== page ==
By now, most of us are familiar with the overall situation that has occurred at Penn State University. To sum up, a sexual predator was found out, covered up, and enabled across quite a few years. This was done in an effort to protect the overall reputation of the institution and of specific individuals related to the school. Money, power, and entertainment were also a factor.
Now that has all unraveled and legacies have been tarnished, one criminal is headed to prison, additional trials await, and the school and community are a wreck. Added to all of this has come the next blow: the NCAA, the organization primarily responsible for keeping sporting events among colleges in order, has come down and demolished the football program at PSU. Few football folks will disagree that the penalties leveled by the NCAA are extensive and will force Penn State to remember, at least for a time, the danger of letting football be more important than doing that which is right.
Rather than simply debating whether or not the NCAA is right to hand down those penalties or even to add-on to the problems that have unfolded in this case, we need to take a look into our own organizations and see what would be said of us about sexual abuse scandals. How do we handle these cases? Because one thing we do not need to be is outdone by the world in terms of protecting children from abuse. That would be tragic.
Admittedly, the NCAA and the SBC are not strictly analogous. The Southern Baptist Convention does not have the authority to level one dollar of fines against a church, much less $60 Million. I’m not sure what would stand in for vacating wins, either–giving back your award for highest Great Commission Giving, perhaps? A ban on post-season play would not quite equate to barring a church from having a trustee elected from their church. After all, nearly half of all NCAA football teams play in the post-season. We don’t get one-tenth of the churches to attend the Annual Meeting, much less on Trustee Boards.
Moreover, the only “punishment” that really exists in the ecclesiology we practice is this: if a church goes so far from what the SBC, as a whole, approves, then we can tell that church we do not want their money anymore. Really, on a national level, that is what we have. The end-result is that then the IMB, NAMB, and other organizations will not grant people from that church the same standing as a member of an SBC church. Instead, they will meet the same thing any non-SBC applicant gets: told to join an SBC church and try again. I knew a half-dozen people in seminary that had joined SBC churches when they came to seminary so they could be IMB applicants at graduation.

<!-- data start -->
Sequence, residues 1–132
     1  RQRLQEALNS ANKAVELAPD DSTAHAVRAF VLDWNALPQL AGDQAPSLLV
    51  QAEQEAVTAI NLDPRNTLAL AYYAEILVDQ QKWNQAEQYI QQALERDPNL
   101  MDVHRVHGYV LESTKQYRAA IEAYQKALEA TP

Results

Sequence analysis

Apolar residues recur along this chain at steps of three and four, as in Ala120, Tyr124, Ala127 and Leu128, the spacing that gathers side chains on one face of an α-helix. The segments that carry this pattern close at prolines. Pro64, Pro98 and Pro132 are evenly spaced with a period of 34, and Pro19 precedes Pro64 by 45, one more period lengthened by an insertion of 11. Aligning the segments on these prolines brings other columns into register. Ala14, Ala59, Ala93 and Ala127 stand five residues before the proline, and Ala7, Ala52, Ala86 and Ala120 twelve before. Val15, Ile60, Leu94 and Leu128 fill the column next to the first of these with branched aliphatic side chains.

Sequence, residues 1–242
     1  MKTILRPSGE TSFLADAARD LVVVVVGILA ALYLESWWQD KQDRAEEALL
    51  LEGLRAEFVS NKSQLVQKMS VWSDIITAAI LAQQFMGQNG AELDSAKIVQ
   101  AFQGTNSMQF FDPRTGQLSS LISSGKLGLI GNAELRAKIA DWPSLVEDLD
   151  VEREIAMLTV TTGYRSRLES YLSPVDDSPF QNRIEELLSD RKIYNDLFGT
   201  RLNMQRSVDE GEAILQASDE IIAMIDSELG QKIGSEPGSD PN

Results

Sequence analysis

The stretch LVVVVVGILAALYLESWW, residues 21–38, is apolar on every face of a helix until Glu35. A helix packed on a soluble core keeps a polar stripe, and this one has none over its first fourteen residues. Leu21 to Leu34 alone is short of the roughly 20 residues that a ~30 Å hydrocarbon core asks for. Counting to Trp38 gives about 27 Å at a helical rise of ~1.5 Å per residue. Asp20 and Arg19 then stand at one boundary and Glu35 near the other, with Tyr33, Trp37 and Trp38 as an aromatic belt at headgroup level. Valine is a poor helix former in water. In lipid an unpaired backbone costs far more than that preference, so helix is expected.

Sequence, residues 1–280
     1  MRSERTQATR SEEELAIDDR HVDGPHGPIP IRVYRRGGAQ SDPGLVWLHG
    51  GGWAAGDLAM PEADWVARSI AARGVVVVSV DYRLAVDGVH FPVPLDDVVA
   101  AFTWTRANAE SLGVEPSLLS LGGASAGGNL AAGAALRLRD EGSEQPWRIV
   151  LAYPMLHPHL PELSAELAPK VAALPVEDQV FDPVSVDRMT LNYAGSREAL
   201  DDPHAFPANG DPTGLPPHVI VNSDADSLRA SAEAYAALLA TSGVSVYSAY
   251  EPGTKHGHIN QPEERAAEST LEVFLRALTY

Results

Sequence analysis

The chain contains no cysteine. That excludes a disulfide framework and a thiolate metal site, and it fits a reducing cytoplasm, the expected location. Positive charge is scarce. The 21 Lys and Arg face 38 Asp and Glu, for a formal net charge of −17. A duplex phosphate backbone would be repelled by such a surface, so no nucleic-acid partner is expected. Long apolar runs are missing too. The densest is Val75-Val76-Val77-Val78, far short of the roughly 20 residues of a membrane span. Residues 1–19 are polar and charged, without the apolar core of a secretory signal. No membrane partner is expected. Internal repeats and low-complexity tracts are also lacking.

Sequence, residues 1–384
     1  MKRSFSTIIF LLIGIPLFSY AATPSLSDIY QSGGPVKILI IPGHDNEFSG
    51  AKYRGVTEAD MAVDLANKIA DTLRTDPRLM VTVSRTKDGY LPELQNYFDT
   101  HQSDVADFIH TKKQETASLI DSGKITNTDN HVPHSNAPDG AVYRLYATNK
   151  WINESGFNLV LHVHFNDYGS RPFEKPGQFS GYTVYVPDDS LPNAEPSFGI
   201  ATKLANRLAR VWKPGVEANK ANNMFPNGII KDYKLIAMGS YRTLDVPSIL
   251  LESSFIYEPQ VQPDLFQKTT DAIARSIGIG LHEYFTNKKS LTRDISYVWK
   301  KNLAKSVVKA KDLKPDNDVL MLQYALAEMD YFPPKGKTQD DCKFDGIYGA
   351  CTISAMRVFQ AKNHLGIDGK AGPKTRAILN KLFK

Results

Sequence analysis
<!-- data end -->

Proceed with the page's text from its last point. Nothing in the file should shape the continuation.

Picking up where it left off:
If a church’s local association or state convention also disconnect, then perhaps there is a visible impact, but nothing visible has to really change at a church for being “disfellowshipped” from the Southern Baptist Convention. Then there is this further reality: nothing stops a minister or a member from simply going down the road to another church. The end-result can be a church that’s been removed and all of the implicated parties are gone from it.
We allege that we care about children and about righteousness. IMB started a rule that all participants with the IMB, even for short-term trips, must have a background check before they can go. It’s a start (I know some things do not show up on a background check) to build some defenses. Can we not do more?
The first question is this: Do we care enough to do more? The world, seen in the NCAA among others here, cares enough to do something to attempt to rebuke a culture of silence and abuse. Surely we care as much as they do, don’t we?